Thursday, July 22, 2010

In short: The Losers (2010)

Clay (Jeffrey Dean Morgan), Roque (Idris Elba), Pooch (Columbus Short), Cougar (Oscar Jaenada) and Jensen (Chris Evans) are an effective little black ops unit for the US military, yet they also have some of those hearts of gold prostitutes in Westerns are so often outfitted with. So when doing as they are told by their CIA contact Max (Jason Patric) on a mission in Bolivia would lead to the death of a group of children, they decide to save the babies and risk their on lives instead.

They needn't have bothered, because Max betrays them for their efforts and blows an extraction helicopter the team should have been on sky high. The team didn't enter the helicopter, though, leaving to make space for the children, who are now what children in Hollywood films usually aren't - dead. Max doesn't know about the group's survival (and couldn't care less about the children, obviously), but that leaves the soldiers still stranded without papers in Bolivia.

Thoughts of revenge aren't far, yet there just doesn't seem to be a way to get back into the US, even less one to get back at the evil traitorous CIA guy. Until the mysterious Aisha (Zoe Saldana) makes contact with our heroes and offers to smuggle them back into the country, if they are willing to help her kill Max.

It will probably be better if they do, too, because Max is using his copious spare time to buy insane weapons of mass destruction with which to incite a war or two to keep himself in business.

The comic book series by Andy Diggle and Jock The Losers is based on is known to be a Big Dumb Action series made by and for people who aren't as dumb as one would expect them to be, and the film keeps itself - surprisingly enough - very much in the comic's spirit.

The Losers seems to thrive on its own self-consciousness, an only slightly detached knowledge of, and, more importantly, love for classic action movie clichés that allows it to take each and every silly idea it thinks it might just get away with (and some it shouldn't expect to) and run with it, without having to care too much about deep characterisation or too sensible a plot. Often, movies this self-conscious tend to be rather dreary affairs, seeming more interested in congratulating themselves for their own cleverness than in actually being clever or fun. Director Sylvain White manages to avoid this problem nearly completely and makes his movie only ever exactly as self-conscious and clever as needed to provide that mythical feeling of being fun most US action movies of the last few years have tried to avoid like a venereal disease. And how's that from the director of I'll Always Know What You Did Last Summer?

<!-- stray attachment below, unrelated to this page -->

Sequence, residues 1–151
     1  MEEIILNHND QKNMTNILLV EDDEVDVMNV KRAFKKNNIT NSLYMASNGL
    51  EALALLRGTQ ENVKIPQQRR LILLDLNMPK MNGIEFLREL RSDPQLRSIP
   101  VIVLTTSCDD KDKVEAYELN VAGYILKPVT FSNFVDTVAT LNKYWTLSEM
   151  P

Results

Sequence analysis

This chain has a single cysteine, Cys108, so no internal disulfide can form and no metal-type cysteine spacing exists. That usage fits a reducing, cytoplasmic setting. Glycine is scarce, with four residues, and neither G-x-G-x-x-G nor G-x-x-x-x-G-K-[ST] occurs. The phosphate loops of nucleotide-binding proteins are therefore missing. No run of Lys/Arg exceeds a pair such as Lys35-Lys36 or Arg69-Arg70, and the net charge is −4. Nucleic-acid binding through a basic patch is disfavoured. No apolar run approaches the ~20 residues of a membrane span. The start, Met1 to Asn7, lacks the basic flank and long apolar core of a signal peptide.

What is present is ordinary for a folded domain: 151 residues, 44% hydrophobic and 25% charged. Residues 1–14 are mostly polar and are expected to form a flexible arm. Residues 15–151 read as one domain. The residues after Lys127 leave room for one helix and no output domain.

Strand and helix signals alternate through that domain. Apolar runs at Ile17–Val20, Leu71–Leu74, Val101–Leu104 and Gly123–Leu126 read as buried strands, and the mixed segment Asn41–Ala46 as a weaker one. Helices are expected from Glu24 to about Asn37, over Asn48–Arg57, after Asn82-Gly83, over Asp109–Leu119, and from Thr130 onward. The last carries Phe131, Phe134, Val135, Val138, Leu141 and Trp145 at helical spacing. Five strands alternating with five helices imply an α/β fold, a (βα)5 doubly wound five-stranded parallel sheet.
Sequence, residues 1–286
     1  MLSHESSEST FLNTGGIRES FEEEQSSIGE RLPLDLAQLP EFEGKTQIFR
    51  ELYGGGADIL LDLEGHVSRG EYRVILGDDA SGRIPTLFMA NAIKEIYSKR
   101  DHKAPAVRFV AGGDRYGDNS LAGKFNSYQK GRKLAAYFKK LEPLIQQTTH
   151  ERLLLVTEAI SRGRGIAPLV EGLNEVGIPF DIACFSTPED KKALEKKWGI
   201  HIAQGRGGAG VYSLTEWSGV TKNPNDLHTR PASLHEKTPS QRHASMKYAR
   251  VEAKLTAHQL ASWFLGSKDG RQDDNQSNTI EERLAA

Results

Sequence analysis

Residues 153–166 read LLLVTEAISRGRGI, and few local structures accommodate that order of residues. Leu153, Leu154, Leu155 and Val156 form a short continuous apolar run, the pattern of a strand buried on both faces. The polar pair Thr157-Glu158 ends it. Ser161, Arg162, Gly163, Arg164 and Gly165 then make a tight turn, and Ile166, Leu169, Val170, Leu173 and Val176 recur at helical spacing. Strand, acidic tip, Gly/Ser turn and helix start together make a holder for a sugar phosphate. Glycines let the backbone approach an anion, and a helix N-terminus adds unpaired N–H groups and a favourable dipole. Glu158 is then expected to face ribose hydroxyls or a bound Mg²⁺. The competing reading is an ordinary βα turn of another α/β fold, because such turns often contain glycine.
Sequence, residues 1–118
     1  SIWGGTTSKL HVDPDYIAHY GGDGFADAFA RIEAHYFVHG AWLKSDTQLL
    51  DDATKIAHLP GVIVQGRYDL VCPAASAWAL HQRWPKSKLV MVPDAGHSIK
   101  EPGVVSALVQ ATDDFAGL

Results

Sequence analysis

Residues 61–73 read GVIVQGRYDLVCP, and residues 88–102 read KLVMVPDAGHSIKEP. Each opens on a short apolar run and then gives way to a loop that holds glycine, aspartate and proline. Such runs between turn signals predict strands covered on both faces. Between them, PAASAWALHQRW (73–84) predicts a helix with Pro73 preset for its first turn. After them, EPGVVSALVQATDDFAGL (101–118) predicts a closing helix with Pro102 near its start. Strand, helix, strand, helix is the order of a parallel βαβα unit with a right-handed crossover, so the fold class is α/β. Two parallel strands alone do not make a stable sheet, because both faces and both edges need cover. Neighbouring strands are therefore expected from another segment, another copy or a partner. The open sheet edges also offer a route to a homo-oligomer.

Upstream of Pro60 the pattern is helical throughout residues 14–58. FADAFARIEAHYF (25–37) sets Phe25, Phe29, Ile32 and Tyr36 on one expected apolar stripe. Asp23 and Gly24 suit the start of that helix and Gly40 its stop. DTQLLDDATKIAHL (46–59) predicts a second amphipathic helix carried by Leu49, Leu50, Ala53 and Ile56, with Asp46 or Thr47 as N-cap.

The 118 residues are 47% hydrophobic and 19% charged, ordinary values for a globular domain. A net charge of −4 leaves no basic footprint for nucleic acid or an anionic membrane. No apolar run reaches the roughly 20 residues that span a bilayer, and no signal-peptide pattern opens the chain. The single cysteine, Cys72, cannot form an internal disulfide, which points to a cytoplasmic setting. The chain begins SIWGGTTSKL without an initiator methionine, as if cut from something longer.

Although there are a lot of people dying here, White imbues his film with a lightness of touch that fits its silly set-up and not exactly deep characters perfectly. Somehow, action hero poses and action movie structures make sense again when presented in this way.

Besides White's light touch, The Loser works as well as it does thanks to some very enthusiastic acting by just about everyone on screen (although Jason Patric's bad guy might be too comically broad for some). The actors seem to be at once in on the joke and serious enough to throw themselves into the moment, no matter if it is a shoot-out or a silly comedy bit.

In fact being at once in on the joke and serious about it seems to me what makes The Losers work.



Scare Sarah said...

Sounds good. Thanks for the heads up as always.

houseinrlyeh said...

You're welcome!